Fine wine from the Thracian lowlands of Bulgaria. Bulgarian Fine Wine?Kidding? Bit weird? Bit risky? Not at all, really. Trust me.
I should know because it was me who ‘discovered’ Bulgarian wine back in the ‘70s. I brought in the first ever bottles. Big risk. Because back then, the place was genuinely weird.
Behind the scary Iron Curtain. Bulgarian Airlines flew me there in a converted bomber, still with perspex gun turrets. Sofia seemed populated solely by men in army uniforms. Wine was a State Monopoly and available only from one address; 5 Lavele Street. But – and the whole story is in my book (plug!) – we did finally end up with a cracking Cabernet that became overwhelmingly our top-selling wine for some years. In the book I list it as one of my 12 most important wine finds ever.
I got to like the place and people as well though. I even took coach tours of customers round the Bulgarian vineyards and wineries – all in a bit of a pinko haze, because on top of every copious wine tasting came the hot plum brandy they just loved to finish us off with. In Plovdiv I have this memory that we ended up drinking with the Orthodox Archbishop. In full regalia. I swear we did.
Then it all ended, The Iron Curtains were flung open (good) but when everything was ‘privatised’ those vast state vineyards in Suhindol were abandoned and just disappeared (not so good). Bulgarian wine almost had to be re-invented from scratch, and on a smaller scale.
Stefan von Nieppberg was one of the first to rebuild an old estate near Plovdiv and I know him quite well. He’s very keen on this bold venture of his. Dapper chap, Stefan a David Niven lookalike. He owns three of
Saint- Émilion’s top estates. But also runs what I think of as our main rival estate in the Castillon hills of Bordeaux; Château D’Aiguille. Friendly rival; we pinch each other’s ideas and borrow each other’s equipment.
He has made us this Bulgarian Bordeaux using the same skills, same barrels, same grape varieties on the same sort of limestone ridge. Deep limestone … there’s a deep white quarry you pass as you arrive at the estate, plenty of limestone here.
And this is a district that has produced wine for 7,000 years … which is at least 5,000 years longer than Bordeaux. The estate has underground cellars cut into the limestone. All so familiar. The winery is immaculate. Actually neater and better equipped than most Saint-Émilion wine estates.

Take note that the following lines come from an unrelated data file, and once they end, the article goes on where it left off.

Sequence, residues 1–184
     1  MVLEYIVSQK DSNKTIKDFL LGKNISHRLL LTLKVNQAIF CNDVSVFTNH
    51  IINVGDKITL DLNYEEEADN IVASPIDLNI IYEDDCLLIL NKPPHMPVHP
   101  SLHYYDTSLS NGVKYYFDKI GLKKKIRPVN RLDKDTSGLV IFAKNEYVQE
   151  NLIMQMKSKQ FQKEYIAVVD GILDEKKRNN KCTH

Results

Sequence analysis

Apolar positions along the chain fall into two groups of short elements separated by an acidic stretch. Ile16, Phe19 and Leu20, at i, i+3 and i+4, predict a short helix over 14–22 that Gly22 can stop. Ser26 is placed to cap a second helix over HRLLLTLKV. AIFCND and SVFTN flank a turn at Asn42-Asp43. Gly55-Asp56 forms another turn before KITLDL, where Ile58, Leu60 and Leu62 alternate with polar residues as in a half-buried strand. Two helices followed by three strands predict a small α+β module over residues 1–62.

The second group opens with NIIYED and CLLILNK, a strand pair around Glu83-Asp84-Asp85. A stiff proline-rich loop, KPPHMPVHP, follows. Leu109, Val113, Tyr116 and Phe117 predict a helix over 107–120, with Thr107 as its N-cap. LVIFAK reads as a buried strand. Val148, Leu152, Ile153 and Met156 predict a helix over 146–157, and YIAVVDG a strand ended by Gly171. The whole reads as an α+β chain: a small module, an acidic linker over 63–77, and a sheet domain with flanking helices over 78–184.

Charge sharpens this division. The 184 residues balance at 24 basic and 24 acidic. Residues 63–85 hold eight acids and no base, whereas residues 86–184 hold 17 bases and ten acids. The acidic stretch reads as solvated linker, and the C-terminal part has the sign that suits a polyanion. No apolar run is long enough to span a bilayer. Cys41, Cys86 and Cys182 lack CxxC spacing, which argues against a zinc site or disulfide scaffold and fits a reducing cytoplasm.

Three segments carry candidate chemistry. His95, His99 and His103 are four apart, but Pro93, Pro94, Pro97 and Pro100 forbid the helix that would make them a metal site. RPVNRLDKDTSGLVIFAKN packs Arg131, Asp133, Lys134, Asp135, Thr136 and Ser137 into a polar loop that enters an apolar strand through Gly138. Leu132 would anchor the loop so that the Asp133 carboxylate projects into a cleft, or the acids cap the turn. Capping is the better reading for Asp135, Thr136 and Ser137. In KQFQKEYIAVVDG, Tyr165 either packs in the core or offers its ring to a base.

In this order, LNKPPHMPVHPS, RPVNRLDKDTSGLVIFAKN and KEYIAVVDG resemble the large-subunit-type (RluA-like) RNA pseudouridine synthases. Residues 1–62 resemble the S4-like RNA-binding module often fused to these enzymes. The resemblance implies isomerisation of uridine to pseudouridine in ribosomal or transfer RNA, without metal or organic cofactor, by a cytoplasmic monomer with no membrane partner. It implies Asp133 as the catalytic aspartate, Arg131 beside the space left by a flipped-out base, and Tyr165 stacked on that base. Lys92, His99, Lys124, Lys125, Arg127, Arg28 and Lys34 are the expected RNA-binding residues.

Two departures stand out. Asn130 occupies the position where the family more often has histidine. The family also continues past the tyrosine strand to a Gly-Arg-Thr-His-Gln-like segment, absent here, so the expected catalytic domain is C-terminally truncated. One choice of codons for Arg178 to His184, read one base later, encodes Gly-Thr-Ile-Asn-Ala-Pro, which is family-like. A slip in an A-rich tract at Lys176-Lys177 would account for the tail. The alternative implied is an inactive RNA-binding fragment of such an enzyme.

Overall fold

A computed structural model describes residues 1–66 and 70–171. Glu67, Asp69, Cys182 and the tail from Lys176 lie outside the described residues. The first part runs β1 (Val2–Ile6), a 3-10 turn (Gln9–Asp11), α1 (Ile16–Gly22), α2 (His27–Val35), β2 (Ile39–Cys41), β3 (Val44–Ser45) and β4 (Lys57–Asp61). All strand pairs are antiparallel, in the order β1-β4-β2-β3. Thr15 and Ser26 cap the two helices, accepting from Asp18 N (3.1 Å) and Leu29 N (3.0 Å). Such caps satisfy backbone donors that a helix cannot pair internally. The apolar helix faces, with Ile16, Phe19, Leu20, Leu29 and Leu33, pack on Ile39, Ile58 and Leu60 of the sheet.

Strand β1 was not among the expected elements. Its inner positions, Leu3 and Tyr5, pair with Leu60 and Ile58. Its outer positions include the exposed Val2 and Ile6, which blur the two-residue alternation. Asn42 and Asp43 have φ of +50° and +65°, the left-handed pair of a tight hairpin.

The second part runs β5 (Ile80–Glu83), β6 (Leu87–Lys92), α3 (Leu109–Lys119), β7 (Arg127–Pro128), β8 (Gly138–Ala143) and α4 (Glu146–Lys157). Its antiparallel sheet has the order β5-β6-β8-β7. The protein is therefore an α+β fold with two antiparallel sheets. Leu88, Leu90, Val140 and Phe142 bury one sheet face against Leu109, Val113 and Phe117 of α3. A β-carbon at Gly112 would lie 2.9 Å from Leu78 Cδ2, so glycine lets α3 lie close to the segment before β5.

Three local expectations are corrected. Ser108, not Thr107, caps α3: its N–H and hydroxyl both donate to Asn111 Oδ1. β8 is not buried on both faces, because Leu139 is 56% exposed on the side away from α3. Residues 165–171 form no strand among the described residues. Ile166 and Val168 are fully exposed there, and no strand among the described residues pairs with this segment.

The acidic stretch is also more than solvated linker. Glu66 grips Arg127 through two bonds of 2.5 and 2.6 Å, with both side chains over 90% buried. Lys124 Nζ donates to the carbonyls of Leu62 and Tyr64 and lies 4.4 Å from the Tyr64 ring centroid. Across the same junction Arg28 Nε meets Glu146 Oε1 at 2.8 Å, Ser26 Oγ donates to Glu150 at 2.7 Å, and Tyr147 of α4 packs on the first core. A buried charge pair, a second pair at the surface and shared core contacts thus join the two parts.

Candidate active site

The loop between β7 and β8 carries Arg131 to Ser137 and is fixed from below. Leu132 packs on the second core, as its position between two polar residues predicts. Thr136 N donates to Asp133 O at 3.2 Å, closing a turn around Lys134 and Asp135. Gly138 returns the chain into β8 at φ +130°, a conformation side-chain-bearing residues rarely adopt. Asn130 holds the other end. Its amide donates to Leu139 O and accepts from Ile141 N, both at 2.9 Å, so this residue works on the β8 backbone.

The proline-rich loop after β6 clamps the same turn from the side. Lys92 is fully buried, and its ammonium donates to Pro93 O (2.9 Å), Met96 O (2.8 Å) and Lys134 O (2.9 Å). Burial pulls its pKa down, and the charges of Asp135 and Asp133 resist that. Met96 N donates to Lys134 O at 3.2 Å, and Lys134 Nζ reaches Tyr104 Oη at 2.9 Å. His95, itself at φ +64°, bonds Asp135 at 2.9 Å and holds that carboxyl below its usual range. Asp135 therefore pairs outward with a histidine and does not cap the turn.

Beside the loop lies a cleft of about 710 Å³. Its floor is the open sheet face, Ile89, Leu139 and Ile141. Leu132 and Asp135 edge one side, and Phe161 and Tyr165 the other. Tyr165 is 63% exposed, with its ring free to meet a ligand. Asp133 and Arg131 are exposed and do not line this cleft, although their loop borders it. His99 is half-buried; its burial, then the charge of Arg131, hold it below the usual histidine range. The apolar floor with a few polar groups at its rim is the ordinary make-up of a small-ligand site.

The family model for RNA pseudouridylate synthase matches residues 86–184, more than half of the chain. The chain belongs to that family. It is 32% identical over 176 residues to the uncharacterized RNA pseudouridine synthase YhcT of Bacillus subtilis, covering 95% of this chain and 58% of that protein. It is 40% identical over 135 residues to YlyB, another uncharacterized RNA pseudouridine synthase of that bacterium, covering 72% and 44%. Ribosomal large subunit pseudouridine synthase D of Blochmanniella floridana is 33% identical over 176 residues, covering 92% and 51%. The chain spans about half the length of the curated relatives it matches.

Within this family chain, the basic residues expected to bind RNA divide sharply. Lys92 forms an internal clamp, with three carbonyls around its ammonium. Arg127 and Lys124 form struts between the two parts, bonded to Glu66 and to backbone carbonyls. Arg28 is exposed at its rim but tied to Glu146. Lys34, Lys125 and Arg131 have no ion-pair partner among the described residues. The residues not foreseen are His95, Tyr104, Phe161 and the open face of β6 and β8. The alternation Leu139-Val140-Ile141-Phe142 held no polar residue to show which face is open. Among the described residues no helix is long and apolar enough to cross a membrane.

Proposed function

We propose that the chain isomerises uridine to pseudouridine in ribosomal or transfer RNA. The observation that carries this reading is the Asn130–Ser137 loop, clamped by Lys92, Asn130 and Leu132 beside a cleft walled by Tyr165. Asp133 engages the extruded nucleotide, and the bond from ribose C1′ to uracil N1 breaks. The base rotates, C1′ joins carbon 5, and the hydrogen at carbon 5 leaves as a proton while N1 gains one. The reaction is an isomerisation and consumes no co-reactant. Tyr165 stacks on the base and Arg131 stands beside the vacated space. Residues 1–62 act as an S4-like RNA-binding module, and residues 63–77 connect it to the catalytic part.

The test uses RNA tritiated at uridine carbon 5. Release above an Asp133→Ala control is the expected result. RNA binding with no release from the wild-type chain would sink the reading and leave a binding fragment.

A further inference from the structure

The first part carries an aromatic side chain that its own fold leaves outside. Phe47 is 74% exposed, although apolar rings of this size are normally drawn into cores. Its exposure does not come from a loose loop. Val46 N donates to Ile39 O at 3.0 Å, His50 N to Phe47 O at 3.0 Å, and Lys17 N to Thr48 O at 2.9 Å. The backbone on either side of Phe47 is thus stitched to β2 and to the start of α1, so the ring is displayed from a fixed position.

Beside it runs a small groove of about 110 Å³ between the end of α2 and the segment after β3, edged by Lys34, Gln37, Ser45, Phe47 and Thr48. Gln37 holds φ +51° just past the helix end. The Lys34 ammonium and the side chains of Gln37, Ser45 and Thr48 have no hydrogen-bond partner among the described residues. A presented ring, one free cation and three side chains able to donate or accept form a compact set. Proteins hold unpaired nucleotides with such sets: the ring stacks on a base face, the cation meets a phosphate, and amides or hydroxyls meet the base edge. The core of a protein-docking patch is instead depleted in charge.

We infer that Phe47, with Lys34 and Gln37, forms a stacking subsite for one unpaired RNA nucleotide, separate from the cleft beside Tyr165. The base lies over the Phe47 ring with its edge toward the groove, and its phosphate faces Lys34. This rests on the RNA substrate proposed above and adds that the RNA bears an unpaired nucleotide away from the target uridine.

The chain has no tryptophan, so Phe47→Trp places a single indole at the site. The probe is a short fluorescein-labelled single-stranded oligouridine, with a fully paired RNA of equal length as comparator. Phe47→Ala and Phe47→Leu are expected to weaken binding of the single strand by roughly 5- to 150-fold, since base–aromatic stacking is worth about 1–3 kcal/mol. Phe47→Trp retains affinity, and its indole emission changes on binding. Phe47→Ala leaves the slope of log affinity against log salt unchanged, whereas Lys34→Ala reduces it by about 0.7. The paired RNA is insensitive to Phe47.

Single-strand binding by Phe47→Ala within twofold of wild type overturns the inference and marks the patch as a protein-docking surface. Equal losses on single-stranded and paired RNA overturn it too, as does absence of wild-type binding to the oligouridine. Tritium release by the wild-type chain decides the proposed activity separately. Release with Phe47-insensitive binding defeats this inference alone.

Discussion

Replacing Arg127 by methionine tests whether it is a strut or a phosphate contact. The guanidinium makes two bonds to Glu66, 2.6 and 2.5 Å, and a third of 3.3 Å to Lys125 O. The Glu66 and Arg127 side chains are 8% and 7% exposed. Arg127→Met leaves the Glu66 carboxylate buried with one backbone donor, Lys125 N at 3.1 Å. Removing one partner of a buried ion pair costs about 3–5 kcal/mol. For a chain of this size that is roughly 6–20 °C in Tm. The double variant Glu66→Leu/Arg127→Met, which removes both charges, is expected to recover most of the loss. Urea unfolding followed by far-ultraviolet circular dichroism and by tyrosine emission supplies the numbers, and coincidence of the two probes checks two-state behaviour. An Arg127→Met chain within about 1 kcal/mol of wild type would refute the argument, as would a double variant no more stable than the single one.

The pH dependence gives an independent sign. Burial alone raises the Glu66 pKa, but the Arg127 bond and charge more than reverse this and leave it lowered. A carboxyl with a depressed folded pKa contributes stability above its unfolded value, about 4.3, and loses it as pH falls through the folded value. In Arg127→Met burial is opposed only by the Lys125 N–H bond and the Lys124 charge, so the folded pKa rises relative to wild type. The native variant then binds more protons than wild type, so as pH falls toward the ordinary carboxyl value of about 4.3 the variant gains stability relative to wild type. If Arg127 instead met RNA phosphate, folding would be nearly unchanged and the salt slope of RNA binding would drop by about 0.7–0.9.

Also on the blog
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- Why you should try Moldovan fizz
- Five ways to open a bottle of wine without a corkscrew
I have to admit that there’s a big lick of Syrah in the blend so it’s not today’s Merlot/Cabernet Bordeaux but rather the nineteenth century claret with ‘Hermitage’ as Syrah used to be called. Syrah in Bulgaria gives a richness of red fruits and liquorice and very silky tannins.
The estate produces a pure Syrah in very limited amounts, which is the highest-ever scoring wine from Bulgaria. D’Enira is the only estate in Bulgaria with consistent 90+ Parker points.
Try Stephan’s wine for yourself
So … if you like good claret you MUST try this. It’s not a big beefy ‘new world’ style … not Rock ‘n’ Roll black red, but immaculate, classic, brick red claret. Well barrel and bottle aged. You can tell it’s well-made because it tastes just as good on day two and day three. Which indicates it will get better with age. It is already a considerably better wine than the Bulgarian Cabernet we sold by the boatload – quite literally – 40 years ago. Anyway, I’m delighted, Bulgaria is back! Finally.
Stefan, I would guess, isn’t yet making much money on his brave venture. We/you therefore have a bit of a steal at £9.99.